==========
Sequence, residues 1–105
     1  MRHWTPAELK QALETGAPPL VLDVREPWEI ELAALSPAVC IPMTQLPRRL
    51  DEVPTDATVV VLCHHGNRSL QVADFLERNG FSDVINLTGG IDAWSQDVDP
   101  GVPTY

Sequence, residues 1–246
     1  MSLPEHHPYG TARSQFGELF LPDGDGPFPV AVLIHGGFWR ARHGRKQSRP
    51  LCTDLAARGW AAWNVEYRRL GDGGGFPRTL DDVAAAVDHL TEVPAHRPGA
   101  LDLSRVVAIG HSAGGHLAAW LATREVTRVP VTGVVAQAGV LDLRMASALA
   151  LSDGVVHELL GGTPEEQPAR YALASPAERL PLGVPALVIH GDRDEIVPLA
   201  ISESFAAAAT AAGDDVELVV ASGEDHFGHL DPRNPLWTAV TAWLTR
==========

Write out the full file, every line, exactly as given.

Sequence, residues 1–105
     1  MRHWTPAELK QALETGAPPL VLDVREPWEI ELAALSPAVC IPMTQLPRRL
    51  DEVPTDATVV VLCHHGNRSL QVADFLERNG FSDVINLTGG IDAWSQDVDP
   101  GVPTY

Sequence, residues 1–246
     1  MSLPEHHPYG TARSQFGELF LPDGDGPFPV AVLIHGGFWR ARHGRKQSRP
    51  LCTDLAARGW AAWNVEYRRL GDGGGFPRTL DDVAAAVDHL TEVPAHRPGA
   101  LDLSRVVAIG HSAGGHLAAW LATREVTRVP VTGVVAQAGV LDLRMASALA
   151  LSDGVVHELL GGTPEEQPAR YALASPAERL PLGVPALVIH GDRDEIVPLA
   201  ISESFAAAAT AAGDDVELVV ASGEDHFGHL DPRNPLWTAV TAWLTR